The Obama Veepwatch, Vol. 6: John Edwards

In which Stumper examines the Democratic nominee's possible--and not-so-possible--vice-presidential picks. (Previous McCain installments: Bobby Jindal; Mitt Romney; Charlie Crist; Tim Pawlenty; Rob Portman. Previous Obama installments: Ted Strickland; Jim Webb; Wes Clark; Hillary Clinton; Kathleen Sebelius.)

Name: John Edwards
North Carolina State University (undergraduate), University of North Carolina at Chapel Hill (law degree)
Former one-term North Carolina senator, 2004 Democratic vice-presidential nominee, two-time Democratic candidate for president

Source of Speculation: Edwards himself. In a interview Tuesday on NPR, reporter Guy Raz told the former White House hopeful that his presence on Obama's shortlist was "open secret" and asked whether he'd accept a vice presidential offer or take himself out of consideration, as Virginia Sen. Jim Webb did on Monday. " I don't expect to be asked, have no expectation about it at all," he said. "[But] I am prepared to seriously consider anything, anything [Obama] asks me to do for our country." : a spate of stories buzzing about a possible Obama-Edwards ticket.

Backstory: Edwards' open-door answer on NPR wasn't noteworthy in and of itself. Dispensing the usual "don't expect it, haven't pursued it" disclaimers, he sounded exactly like the rest of Obama's expectant veeps--Evan Bayh, Kathleen Sebelius, Hillary Clinton, etc. But that's the thing: until now, Edwards has consistently showed active, unbridled antipathy to the idea of reprising his role as the Democrats' vice presidential nominee . Leaving a Manhattan awards ceremony shortly after he endorsed Obama in mid-May , Edwards told a swarm of reporters, "I have no interest in running as vice president." The next morning he appeared on the Today show to address, in Matt Lauer's words, "speculation... that you would be a possible vice presidential candidate to run alongside Barack Obama." His answer? A curt "No. Won't happen." And later, in June, he told the Spanish newspaper El Mundo, "I already had the privilege of running for vice president in 2004, and I won't do it again." What changed? In May, I assumed Edwards was gunning for attorney general instead. " [VP] requires months of rigorous campaigning and in the end leaves you either powerless (if you win) or further diminished (if you lose)," I wrote. "[AG] promises real pull and less public performing. For a guy who's already lost a year with his cancer-stricken wife and two young children to a second failed presidential bid, the choice seems pretty self-evident." But now that Obama's selection committee has finally launched the formal vetting process--like Webb, Edwards was likely tapped for information and documents last week--it seem he's changed his tune. That's what happens, it seems, when an ambitious man learns he might actually be asked. So game on.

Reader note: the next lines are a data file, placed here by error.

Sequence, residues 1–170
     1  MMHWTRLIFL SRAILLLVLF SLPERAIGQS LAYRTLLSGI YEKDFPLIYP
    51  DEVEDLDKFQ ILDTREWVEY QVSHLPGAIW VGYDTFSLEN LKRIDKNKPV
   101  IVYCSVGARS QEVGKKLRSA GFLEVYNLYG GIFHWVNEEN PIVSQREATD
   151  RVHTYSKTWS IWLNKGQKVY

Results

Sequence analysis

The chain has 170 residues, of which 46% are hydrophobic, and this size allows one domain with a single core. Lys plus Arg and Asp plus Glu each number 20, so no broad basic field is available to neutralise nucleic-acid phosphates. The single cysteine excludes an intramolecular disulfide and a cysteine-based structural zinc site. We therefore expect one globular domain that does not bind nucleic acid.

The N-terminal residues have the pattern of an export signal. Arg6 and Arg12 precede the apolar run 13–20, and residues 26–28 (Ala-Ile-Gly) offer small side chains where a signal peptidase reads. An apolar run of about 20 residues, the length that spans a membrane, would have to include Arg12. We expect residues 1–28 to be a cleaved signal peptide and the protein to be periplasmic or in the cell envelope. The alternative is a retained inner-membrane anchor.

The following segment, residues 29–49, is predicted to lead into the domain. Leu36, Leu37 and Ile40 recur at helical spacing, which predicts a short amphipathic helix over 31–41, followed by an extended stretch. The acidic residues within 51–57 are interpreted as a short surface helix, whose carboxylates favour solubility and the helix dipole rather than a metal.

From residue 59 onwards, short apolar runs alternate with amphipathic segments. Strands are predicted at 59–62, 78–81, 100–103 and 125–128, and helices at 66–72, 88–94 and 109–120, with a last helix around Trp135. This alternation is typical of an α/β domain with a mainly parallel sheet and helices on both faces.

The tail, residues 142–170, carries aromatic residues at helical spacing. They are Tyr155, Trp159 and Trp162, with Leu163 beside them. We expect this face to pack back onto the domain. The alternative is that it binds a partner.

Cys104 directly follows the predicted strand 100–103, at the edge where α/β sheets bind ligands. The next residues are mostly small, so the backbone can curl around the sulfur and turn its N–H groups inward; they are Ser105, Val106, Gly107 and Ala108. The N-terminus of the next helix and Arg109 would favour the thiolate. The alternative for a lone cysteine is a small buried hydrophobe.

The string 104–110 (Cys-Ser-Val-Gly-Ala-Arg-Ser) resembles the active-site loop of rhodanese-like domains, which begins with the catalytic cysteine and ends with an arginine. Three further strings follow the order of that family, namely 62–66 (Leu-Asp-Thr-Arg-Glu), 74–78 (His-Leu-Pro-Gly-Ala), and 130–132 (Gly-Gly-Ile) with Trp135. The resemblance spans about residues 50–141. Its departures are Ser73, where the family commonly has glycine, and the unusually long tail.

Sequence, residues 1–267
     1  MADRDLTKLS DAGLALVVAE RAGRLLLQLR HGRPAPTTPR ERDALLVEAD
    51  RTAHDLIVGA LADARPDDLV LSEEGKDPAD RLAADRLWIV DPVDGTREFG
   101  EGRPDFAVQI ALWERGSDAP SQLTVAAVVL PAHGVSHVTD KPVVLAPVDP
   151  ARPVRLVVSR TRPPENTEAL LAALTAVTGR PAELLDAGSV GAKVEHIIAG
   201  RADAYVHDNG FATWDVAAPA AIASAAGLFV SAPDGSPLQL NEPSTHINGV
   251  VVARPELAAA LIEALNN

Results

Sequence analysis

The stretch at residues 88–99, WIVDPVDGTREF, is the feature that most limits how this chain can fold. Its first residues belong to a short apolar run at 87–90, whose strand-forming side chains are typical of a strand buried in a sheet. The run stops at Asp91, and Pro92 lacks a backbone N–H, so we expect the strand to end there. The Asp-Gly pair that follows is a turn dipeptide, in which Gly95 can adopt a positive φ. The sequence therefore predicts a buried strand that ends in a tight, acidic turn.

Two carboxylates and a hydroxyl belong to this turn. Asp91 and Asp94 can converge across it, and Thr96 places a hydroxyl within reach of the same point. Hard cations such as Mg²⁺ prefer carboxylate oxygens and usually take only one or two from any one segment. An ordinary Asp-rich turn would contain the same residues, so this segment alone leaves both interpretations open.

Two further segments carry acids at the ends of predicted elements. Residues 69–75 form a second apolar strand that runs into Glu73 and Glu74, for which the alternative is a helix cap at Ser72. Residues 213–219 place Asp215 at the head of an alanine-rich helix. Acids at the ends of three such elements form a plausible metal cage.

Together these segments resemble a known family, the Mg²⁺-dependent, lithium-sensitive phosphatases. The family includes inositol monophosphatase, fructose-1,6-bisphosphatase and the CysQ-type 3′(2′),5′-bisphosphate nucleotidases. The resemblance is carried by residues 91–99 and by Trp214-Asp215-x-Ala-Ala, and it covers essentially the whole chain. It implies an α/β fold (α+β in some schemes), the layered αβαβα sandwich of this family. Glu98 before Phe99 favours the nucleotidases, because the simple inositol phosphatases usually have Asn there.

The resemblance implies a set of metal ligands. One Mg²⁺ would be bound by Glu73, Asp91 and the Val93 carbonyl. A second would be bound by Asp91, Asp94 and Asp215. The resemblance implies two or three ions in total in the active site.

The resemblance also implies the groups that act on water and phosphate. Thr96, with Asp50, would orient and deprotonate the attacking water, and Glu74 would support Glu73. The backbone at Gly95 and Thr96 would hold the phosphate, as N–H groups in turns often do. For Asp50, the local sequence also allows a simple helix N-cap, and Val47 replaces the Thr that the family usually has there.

Not half bad. Until this week, the biggest knock on Edwards was that he didn't seem willing to take the job. But with his hat now firmly in the ring, the North Carolinian has to rank as one of Obama's more compelling picks. Edwards's strongest selling point? He is completely and utterly safe--a factor that the unconventional Obama will value highly when making his decision, according to Stumper sources. The equation is pretty simple. With Webb out of the running, Edwards fills Obama's requisite "white Southern populist" slot and could make North Carolina and Virginia even more competitive. He has a built-in Democratic base. A poverty crusader well-versed in pocketbook policy issues like health care and trade--the key concerns this election cycle--Edwards could lead the outreach to working-class whites in, say, Ohio who are still wary of an Ivy League African-American. And given that Obama campaign manager David Plouffe recently told reporters that his boss wants someone " qualified to be president… who'll be a partner in governing" above all else, Edwards' unique background as a former presidential and vice-presidential candidate--i.e., one of the few American politicians familiar to voters mainly as a potential Commander in Chief--is especially attractive.

Viewed through the prism of "playing it safe," even Edwards' apparent weaknesses start to look like strengths. "